Dairy farmers are encouraged to attend the upcoming joint New Zealand and Ireland Pasture Summit forum, which will address whether pasture is still the way forward.
Winter pasture growth rates over the past few years have been impressive, to say the least, and a saviour to many farming operations recovering from the drought conditions of late summer.
However, while this abundant supply of free feed miraculously appearing on farm is viewed as a big plus, from an animal health perspective, it also presents some challenges.
Two of the more obvious animal health issues that arise from an abundance of fast-growing winter pasture available to cows are milk fever and bloat. Both arise from complex interactions between plant factors, animal factors and farm management factors. Of these two problems, milk fever seems by far more common, of greater economic significance and the most complex one to solve. For this reason, it is best to leave milk fever to individual farmers and their veterinarians to find solutions and focus on addressing bloat for now.
Pasture bloat is generally associated with feeding pastures with greater legume content (clovers) in conditions promoting rapid plant growth, including recent rain and fertiliser application. Plants growing under these conditions tend to have more readily soluble and digestible plant protein which is in greater concentration in the leaf of the plant. Rapid breakdown of these proteins in the rumen by microbes results in the production of stable foam trapping gas produced from the normal fermentation process.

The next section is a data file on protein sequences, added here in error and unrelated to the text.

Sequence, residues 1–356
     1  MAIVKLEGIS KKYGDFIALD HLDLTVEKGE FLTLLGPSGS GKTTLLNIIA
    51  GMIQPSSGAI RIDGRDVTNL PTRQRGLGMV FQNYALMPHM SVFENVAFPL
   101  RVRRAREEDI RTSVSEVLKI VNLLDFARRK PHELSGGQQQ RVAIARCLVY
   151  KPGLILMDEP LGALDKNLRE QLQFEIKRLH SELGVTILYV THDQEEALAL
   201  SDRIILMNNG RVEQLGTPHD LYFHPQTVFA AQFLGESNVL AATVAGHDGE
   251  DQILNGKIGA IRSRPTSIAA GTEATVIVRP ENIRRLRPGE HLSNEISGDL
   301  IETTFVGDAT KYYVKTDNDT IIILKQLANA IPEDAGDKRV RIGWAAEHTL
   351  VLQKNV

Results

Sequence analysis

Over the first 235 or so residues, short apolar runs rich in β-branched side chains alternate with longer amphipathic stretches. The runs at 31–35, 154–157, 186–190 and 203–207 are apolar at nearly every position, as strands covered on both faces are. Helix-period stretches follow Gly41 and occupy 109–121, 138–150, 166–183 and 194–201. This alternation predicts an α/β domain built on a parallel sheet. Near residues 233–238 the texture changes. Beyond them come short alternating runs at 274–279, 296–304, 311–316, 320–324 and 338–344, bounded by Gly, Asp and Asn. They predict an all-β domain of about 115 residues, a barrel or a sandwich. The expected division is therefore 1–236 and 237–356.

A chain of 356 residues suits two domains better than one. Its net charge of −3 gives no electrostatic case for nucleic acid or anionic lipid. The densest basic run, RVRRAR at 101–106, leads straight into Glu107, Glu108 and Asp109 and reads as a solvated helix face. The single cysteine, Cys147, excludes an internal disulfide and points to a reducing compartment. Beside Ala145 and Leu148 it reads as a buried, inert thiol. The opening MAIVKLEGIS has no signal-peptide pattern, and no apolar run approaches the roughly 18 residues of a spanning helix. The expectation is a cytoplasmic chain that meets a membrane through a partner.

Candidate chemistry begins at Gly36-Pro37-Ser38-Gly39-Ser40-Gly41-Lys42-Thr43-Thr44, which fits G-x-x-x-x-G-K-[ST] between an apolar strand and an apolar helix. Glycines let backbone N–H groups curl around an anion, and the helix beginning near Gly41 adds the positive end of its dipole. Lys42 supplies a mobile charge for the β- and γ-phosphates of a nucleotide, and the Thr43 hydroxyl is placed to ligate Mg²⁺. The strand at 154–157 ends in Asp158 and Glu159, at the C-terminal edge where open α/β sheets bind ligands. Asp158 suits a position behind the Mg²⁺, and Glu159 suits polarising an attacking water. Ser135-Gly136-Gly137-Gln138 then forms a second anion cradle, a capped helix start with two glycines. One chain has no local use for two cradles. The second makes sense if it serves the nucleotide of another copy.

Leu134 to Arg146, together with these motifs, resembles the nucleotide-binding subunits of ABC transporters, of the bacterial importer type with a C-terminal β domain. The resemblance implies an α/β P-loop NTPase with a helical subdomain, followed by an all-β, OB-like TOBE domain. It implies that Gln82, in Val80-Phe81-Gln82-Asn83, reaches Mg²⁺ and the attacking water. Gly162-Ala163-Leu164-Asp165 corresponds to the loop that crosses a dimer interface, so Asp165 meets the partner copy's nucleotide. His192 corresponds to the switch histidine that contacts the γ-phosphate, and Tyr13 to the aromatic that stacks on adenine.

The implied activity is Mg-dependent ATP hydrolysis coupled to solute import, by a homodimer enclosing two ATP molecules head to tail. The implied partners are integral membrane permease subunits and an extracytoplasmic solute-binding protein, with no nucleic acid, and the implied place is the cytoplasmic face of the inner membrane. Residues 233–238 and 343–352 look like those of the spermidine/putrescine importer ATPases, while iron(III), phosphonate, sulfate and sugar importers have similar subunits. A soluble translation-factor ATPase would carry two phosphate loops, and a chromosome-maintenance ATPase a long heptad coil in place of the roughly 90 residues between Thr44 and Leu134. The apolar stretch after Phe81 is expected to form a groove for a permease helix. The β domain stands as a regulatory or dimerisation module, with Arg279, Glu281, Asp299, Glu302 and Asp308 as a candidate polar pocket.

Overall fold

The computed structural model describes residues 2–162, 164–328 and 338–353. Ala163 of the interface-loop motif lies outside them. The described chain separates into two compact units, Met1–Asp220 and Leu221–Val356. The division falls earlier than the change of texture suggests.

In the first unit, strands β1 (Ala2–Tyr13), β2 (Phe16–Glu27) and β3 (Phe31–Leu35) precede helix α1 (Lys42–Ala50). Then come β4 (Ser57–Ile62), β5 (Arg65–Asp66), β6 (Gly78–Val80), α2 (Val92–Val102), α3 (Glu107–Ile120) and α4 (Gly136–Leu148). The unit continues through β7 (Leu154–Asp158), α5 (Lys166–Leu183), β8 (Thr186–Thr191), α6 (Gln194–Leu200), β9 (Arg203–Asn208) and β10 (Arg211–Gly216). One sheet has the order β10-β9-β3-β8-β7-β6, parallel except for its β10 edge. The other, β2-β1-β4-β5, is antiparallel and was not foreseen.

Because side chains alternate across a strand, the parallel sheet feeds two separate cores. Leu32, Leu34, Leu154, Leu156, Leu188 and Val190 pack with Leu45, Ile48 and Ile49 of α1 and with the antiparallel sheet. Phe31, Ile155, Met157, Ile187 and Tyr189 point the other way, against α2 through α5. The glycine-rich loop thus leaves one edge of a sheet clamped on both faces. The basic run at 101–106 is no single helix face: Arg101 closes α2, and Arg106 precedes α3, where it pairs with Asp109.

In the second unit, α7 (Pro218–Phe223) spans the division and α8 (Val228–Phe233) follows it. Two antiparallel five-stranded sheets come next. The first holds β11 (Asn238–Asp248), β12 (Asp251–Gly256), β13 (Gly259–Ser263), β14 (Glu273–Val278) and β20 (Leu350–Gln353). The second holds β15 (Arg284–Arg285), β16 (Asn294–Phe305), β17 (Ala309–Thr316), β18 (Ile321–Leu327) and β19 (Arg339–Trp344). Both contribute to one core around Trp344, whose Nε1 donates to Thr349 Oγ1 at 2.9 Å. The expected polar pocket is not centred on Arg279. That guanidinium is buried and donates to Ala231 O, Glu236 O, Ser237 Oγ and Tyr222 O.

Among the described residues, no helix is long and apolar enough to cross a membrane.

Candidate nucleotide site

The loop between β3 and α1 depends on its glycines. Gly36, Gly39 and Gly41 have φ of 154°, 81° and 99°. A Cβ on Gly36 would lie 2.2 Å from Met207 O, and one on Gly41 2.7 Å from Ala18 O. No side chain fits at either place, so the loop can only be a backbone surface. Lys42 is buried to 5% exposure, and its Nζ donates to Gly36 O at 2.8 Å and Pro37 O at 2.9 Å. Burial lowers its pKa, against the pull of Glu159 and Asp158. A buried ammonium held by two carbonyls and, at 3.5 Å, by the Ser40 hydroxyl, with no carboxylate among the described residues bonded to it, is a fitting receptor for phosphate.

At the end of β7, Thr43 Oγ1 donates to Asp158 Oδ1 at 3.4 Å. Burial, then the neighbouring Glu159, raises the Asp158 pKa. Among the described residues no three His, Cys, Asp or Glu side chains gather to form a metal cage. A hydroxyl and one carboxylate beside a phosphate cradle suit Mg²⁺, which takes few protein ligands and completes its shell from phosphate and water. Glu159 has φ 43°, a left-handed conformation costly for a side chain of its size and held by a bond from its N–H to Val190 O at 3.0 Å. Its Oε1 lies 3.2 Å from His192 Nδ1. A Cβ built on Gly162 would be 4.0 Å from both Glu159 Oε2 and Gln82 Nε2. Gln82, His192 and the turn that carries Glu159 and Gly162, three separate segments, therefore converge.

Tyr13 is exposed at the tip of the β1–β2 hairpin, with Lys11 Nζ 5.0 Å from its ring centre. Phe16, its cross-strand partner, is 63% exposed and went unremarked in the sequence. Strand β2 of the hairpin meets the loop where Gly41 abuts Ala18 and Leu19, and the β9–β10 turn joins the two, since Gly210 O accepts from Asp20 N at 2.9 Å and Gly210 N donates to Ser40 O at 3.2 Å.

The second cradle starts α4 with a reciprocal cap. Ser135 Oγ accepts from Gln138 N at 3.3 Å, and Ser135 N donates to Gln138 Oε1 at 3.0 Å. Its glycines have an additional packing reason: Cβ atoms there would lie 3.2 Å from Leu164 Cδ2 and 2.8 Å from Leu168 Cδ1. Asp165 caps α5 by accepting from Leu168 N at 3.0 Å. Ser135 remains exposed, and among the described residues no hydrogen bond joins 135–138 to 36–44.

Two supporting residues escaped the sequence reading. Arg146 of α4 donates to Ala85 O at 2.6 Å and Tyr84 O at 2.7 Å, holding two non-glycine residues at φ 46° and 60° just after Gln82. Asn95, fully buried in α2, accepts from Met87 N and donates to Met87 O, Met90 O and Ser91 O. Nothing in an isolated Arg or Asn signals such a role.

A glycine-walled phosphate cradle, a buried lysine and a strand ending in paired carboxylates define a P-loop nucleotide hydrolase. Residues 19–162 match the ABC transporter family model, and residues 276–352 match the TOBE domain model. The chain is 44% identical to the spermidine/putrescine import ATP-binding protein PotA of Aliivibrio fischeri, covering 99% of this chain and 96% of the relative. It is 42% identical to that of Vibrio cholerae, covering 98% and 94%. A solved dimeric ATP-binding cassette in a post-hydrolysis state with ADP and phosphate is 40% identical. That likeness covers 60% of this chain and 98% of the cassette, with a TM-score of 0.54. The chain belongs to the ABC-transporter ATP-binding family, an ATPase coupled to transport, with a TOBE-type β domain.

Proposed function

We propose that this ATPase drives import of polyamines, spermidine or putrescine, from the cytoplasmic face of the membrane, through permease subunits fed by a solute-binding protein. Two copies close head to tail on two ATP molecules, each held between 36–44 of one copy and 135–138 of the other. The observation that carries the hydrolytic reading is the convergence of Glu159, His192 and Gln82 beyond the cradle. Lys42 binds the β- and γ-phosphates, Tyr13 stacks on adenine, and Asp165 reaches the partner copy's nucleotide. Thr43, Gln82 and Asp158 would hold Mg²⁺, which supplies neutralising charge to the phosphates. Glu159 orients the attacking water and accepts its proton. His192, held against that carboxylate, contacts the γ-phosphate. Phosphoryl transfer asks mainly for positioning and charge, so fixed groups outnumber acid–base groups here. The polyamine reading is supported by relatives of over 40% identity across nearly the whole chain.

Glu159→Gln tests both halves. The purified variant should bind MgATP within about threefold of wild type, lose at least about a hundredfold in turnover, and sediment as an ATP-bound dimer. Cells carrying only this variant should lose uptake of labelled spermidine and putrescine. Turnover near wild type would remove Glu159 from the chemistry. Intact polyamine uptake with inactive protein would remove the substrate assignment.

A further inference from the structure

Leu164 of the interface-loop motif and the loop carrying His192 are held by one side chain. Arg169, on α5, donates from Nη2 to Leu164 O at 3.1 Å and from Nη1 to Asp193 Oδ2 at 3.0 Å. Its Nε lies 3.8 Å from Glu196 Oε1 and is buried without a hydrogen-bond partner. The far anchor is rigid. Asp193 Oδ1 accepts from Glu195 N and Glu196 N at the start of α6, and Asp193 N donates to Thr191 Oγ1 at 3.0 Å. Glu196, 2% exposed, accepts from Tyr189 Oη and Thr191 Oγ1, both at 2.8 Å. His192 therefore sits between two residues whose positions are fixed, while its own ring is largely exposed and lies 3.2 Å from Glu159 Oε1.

In reducing the risk of bloat, there are several options available to herd managers.
The most practical is tweaking the feed management to ensure hungry cattle are not permitted to gorge themselves on risky pastures. This can be achieved by restricting their allowance through strip grazing and mowing leaf or providing less risky bulky feeds (hay/straw) prior to them being moved onto high risk pastures. Further strategies include drenching cows, treating water spraying pastures and painting flanks with products designed to reduce the build up of stable foam in the rumen. These products work in two general ways either by destabilising the foam (fats and surfactants – commonly known as bloat oil products) or slowing the rate of foam formation (ionophores).
Thankfully, in most cases, when using ionophores such as Rumensin ®, Bovatech ® and Rumenox ® there are additional production and animal health benefits to be gained which are sufficient to cover the cost of these treatments.
If you are encountering issues with pasture bloat, discussing various strategies involving the options above with your veterinarian is recommended.
• Greg Jarratt is a vet and director of Matamata Veterinary Services.
This article is brought to you by J. Swap Stockfoods.